Saturday, July 24, 2010

DoD Energy Use in 2009

The Department of Defense Federal Energy Management Report for Fiscal Year 2009 is finally released. Although the report has May 2010 date on its cover page, it was put online in June.

Here are some important parts from the report:

“At the end of FY 2009 [September 2009], DoD was managing 1.93 billion square feet of facility space (EO 13423 defined goal-subject facilities) and had spent $3.6 billion on facility energy. In addition, DoD spent $9.6 billion on fuel for vehicles (non-fleet and fleet) and other equipment.
…..
In FY2009, 3.6 percent of DoD’s electrical consumption came from renewable sources…..the Navy operates the world’s largest wind/diesel hybrid plant at Naval Station, Guantanamo Bay, and two of the largest federal photovoltaic systems in the United States at Navy Base, San Diego, and Marine Corps Air Ground Combat Center, Twenty-nine Palms, California.
……
The DoD Net Zero Energy Installation Initiative is an effort to increase the energy independence of installations by offsetting total annual energy use through on-site energy production. The Army goals for this initiative are for five Army installations to be net zero by 2020, 25 installations by 2030, and all Army installations by 2058.
……
DoD has identified 37,493 buildings requiring either standard or advanced metering….. the total number of metered buildings in DoD is 23,674, or 63 percent of all identified buildings in FY 2009.
…….
DoD military departments and components follow the DOE facilities exclusion criterion that includes “National Security Function.” For DoD standardization purposes, the National Security Function is defined as those functions that are tied directly to war fighting, training, or operations function. These functions will generally have high energy consumption with minimal square footage and a limited ability to reduce energy consumption. Examples include, but are not limited to simulators, cold iron ships, facilities providing 24/7 logistics or maintenance support directly for enduring operations.”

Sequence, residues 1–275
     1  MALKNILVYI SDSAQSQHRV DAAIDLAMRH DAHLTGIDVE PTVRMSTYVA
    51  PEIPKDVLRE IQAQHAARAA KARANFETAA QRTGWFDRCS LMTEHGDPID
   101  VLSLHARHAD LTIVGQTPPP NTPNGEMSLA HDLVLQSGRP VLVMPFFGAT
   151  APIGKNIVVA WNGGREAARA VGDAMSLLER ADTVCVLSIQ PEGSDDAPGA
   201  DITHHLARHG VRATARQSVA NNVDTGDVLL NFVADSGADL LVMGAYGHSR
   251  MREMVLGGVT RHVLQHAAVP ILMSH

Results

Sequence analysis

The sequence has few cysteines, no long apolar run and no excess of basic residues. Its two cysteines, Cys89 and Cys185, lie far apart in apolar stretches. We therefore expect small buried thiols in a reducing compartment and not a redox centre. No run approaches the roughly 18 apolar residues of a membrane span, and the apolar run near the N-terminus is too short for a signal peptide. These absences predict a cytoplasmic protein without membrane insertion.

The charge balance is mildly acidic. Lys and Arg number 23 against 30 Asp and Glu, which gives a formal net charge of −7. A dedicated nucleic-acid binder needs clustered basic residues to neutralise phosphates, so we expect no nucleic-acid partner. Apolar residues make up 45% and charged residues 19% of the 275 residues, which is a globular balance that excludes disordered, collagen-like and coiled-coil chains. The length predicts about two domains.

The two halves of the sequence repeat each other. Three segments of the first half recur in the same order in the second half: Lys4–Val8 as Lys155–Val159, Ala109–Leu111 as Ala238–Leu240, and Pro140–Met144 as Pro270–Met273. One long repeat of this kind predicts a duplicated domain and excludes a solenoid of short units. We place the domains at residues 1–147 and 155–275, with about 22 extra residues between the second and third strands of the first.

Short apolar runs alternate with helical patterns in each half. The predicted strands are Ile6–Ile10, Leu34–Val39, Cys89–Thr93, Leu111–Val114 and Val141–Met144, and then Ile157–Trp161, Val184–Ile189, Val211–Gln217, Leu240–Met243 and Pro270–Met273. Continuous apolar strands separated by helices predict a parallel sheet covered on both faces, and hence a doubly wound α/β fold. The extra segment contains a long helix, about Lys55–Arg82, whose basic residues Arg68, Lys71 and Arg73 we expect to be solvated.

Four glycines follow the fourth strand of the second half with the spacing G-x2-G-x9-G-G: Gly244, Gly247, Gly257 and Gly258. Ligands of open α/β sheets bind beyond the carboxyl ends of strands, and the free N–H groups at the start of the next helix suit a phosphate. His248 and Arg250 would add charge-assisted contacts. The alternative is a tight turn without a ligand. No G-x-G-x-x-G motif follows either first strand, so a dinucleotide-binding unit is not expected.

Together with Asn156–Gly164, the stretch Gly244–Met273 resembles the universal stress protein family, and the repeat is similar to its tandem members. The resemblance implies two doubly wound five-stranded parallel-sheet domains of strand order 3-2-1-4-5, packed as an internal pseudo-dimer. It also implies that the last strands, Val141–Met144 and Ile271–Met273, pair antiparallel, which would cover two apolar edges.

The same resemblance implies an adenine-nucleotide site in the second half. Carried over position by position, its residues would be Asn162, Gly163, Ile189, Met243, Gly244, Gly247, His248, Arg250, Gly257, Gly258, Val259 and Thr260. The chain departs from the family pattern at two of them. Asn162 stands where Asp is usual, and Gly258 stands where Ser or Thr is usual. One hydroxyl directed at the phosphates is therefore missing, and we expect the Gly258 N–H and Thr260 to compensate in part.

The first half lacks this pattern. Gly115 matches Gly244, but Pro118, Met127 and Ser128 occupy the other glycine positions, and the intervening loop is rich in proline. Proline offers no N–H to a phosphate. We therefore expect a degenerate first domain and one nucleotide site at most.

There are over 200 pages in the report. BUT nowhere it gives you a full picture. I mean you cannot find a sentence that summarizes all, like how much energy did the DoD consume and at what cost? What is the total oil consumption? What is the magnitude of CO2 emissions? Etc.

Well, let me do it, again.

In FY2009 the DOD consumed 932 trillion Btu of site delivered energy (final or end use energy consumption) at a cost of 13.3 billion dollars, and emitted 73 million tons of CO2 equivalent. In terms of primary energy DoD’s consumption was 1182 billion Btu.
Over 75% of the DoD’s energy consumption and costs was for mobility (tactical and non-tactical vehicles) in 2009.
All the efforts for almost all renewable energy sources indeed target electricity which accounts for 10% of total energy consumption.
NOTE that these amounts SHOULD not be understood as the total US military energy consumption (or DOD). BECAUSE the DoD excludes energy consumed at numerous military family housing communities that are privatized, and outsourced transport services. The privatized housing community utility systems belong to the housing contractor who pays the cost of the utilities. If those housing or transport services were not privatized or outsourced, the DoD would have paid for the energy consumed, and it would have been counted in the DoD’s energy consumption, No?

And here is the most impornat part: DoD oil consumption in 2009 jumped to 375,000 barrels per day. In the year 2000 it was less than 280,000 barrels per day. Note that there are only 33 countries in the world that consume more oil than the DoD.

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